Despite this being the third warmest year in our human records, winter has come on schedule at the beginning of December. There’s snow on the hills and ice on the pavements.
And last night we had #ThunderSnow about 4am. Just in case you missed it here it is in the most brilliant piece of video from Alison who lives next to Ocean Terminal:
Temperatures dropped to minus 4C in parts of the Highlands and North East. All just in time for Koshi, the latest snow leopard to arrive at the Highland Wildlife Park near Aviemore.
But we’ve been warmed by good news this week for another endangered species – we humans, who, I gather, now account for 36 per cent of all mammals on the planet. The first batch of vaccine that is going to save us all from Covid-19 will be arriving in Scotland within days. There has been great excitement over how it will be administered and who will be inoculated first. After the inoculators themselves, the vaccine will be rolled out to front line NHS and care home staff, then care home residents (starting next week), then the over 80s and the specially vulnerable, and finally all adults. It will be a huge logistical operation, lasting probably till the summer. The JCVI have already worked out the order in which we will all be vaccinated. Read more here.
Hopefully by then, the scary Covid-19 figures will fade into a half-forgotten nightmare. But, for the moment, they are still frighteningly high…..nearly a thousand new cases every day, over 250 deaths in the last week, bringing the total to 29 November to 5,634.
It’s meant no change to the lockdown restrictions this week, which in west and parts of central Scotland has meant all pubs, restaurants and non-essential shops have been closed until 11 December. Thereafter, we may get the Christmas shopping spree underway but it won’t be enough to save many businesses. Already, we’ve watched in horror as major High Street stores have gone into liquidation, Arcadia (owners of Topshop, Dorothy Perkins and Burtons) and Debenhams, putting in jeopardy some 2,500 jobs in Scotland.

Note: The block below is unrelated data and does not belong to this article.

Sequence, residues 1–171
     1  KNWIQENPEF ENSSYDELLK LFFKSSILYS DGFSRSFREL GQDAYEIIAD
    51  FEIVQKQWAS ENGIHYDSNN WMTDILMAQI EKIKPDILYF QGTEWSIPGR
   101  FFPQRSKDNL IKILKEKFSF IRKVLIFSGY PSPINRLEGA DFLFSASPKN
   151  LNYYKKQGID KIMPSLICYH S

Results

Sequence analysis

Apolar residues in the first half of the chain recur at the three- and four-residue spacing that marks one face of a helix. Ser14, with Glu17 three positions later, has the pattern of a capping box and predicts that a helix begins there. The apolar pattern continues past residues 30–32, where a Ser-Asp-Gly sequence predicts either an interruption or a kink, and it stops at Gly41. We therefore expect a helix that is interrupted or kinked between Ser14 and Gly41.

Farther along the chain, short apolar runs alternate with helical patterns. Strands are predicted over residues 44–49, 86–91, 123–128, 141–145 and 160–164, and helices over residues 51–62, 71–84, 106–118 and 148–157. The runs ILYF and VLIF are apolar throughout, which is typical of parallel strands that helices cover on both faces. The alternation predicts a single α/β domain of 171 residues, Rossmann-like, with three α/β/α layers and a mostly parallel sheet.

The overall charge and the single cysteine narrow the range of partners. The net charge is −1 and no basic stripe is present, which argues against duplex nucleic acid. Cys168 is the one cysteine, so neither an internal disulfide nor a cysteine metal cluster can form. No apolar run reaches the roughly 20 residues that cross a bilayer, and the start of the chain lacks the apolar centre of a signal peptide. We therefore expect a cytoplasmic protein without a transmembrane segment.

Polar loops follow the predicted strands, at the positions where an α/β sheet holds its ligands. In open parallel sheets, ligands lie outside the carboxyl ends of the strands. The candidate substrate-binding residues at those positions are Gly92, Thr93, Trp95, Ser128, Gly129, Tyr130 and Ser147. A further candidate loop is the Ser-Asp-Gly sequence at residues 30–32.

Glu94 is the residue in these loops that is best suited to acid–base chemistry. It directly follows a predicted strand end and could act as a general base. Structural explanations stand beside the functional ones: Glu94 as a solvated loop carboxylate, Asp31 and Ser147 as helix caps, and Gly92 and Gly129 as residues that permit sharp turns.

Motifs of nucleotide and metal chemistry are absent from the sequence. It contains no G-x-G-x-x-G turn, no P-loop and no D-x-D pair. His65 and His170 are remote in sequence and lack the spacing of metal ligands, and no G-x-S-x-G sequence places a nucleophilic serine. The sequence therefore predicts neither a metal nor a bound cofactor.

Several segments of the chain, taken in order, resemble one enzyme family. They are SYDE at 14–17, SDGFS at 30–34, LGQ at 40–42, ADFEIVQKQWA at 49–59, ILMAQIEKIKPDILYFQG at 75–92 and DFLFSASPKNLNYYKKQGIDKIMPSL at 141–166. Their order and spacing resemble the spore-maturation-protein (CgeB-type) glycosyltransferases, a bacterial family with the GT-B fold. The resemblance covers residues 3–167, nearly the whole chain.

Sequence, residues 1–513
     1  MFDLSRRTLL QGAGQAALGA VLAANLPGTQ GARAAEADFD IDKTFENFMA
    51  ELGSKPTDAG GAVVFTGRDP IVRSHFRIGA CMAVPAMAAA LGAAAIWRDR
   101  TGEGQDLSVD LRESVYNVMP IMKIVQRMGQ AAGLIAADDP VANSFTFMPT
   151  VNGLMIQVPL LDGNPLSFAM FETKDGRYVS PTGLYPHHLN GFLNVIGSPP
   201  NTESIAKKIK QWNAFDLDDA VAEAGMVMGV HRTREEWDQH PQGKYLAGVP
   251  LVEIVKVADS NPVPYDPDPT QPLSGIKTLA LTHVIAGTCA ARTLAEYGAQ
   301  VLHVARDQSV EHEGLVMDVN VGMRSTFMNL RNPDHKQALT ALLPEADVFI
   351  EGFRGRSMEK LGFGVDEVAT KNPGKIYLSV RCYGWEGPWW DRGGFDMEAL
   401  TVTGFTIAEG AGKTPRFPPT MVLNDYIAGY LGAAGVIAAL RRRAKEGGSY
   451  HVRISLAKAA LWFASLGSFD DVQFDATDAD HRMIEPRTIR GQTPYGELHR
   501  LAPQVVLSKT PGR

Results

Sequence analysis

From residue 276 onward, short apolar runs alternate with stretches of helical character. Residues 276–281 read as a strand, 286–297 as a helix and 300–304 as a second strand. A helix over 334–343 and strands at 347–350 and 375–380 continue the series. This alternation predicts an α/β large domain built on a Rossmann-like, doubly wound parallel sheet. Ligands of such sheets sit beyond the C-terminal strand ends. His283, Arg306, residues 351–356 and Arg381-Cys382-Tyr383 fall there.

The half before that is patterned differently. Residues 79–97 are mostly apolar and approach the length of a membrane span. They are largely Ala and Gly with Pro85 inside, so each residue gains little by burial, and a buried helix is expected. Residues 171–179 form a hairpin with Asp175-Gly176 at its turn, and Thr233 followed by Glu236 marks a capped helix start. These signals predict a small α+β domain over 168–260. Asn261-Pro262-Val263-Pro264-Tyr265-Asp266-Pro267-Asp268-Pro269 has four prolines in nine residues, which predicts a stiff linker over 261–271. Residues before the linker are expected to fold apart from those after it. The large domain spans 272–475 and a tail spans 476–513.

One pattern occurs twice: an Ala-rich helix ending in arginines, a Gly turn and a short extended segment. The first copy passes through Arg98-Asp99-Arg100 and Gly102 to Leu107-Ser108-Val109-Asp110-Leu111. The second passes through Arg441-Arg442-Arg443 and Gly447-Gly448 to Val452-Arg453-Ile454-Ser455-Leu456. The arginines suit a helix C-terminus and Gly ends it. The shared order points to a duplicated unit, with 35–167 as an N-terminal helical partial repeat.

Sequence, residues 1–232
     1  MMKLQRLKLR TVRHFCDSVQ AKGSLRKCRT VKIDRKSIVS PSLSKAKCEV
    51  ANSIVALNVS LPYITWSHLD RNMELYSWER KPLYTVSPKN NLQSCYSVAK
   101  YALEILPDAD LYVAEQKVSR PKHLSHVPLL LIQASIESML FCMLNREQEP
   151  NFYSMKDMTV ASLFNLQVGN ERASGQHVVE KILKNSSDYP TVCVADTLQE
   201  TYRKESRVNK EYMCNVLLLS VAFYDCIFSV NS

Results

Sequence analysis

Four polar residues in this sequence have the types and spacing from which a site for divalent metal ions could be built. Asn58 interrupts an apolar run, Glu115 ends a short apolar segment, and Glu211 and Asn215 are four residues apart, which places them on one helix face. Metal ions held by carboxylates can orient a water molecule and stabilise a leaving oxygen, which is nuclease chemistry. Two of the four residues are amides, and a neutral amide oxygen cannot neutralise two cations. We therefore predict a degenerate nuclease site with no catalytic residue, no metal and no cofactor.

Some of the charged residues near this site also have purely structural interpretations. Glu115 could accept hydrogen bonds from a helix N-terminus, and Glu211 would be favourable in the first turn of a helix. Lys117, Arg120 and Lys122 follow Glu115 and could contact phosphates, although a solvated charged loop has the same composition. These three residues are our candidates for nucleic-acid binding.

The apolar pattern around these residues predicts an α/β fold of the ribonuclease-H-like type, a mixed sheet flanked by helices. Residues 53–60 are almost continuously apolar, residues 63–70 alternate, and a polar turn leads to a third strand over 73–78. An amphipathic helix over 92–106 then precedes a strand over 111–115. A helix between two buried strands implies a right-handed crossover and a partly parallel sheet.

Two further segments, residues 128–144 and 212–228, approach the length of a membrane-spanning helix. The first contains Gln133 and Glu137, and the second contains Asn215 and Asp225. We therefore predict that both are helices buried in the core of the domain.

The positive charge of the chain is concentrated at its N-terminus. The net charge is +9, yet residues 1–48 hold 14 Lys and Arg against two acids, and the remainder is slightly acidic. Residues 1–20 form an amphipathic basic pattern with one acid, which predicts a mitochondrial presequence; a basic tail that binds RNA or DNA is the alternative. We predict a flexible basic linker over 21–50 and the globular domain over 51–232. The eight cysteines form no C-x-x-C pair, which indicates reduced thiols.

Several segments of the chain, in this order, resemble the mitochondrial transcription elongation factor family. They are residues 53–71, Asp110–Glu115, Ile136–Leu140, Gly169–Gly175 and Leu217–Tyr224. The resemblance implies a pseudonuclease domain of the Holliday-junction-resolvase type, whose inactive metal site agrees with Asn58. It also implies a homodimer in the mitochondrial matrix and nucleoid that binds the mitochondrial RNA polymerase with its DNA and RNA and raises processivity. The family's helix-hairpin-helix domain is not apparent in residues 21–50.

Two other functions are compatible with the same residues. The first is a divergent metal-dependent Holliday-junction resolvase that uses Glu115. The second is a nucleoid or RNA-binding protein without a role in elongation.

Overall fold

We’re all left wondering where the Covid recovery is to come from next year. Not least our MSPs who this week ordered the government to think again about its decision to withhold a vital £30m guarantee for Bifab, the construction company which was going to lead us into the off-shore wind industry. With such reluctance to take risks here in Scotland, I wonder if plans announced this week for a new energy “village” near Peterhead will ever get built. The idea is to develop alternatives to the oil and gas plants already there – solar, wind, hydrogen, bio-mass, geo-thermal and battery storage. So far, the only people seriously interested are the Chinese who have pledged £800m.
I wonder too what is to be done to help the Scottish agriculture and fishing industries recover from Brexit. The UK government’s Office of Budget Responsibility has warned that national income is due to take a 4 per cent hit, even if there is a trade deal with the EU. Talks on a deal are said to be in their last crucial week and we shall see whether Scottish interests are bartered away in a desperate effort to reach an overall settlement for the rest of the UK.
Which brings us to the SNP’s annual conference, held online last weekend. SNP Leader, Nicola Sturgeon, promised her party that if they win the election in May next year, it will pave the way for a second independence referendum in the first half of the new parliamentary term. She didn’t say what she would do if the UK government said No to a referendum and there was little support for a “plan B” to stage one anyway (262 votes out of 1,200 ).
Ms Sturgeon went on to pledge £100m to help low income families over the winter and a £500 Christmas bonus for every NHS and care worker, to thank them for their heroic efforts during the pandemic. Party members must have left their virtual conference on St Andrew’s Day feeling pretty confident of their chances in the May elections. The opinion polls are still showing strong support for the SNP, 55 per cent in the latest poll for STV.
There’s also been an astonishing rise in demand for Gaelic lessons. The on-line language app, Duolingo, reports that over 560,000 people have expressed an interest in taking lessons since the app was launched last year. That’s half a million more than the number of native speakers and they are equally divided between those living in Scotland, North America and the rest of the world. I wonder what’s driving this enthusiasm for what I have found is a very difficult language to learn.
Is it Brexit, or the independence movement, or more study time because of the pandemic? Chan eil fhios agam (I haven’t a clue).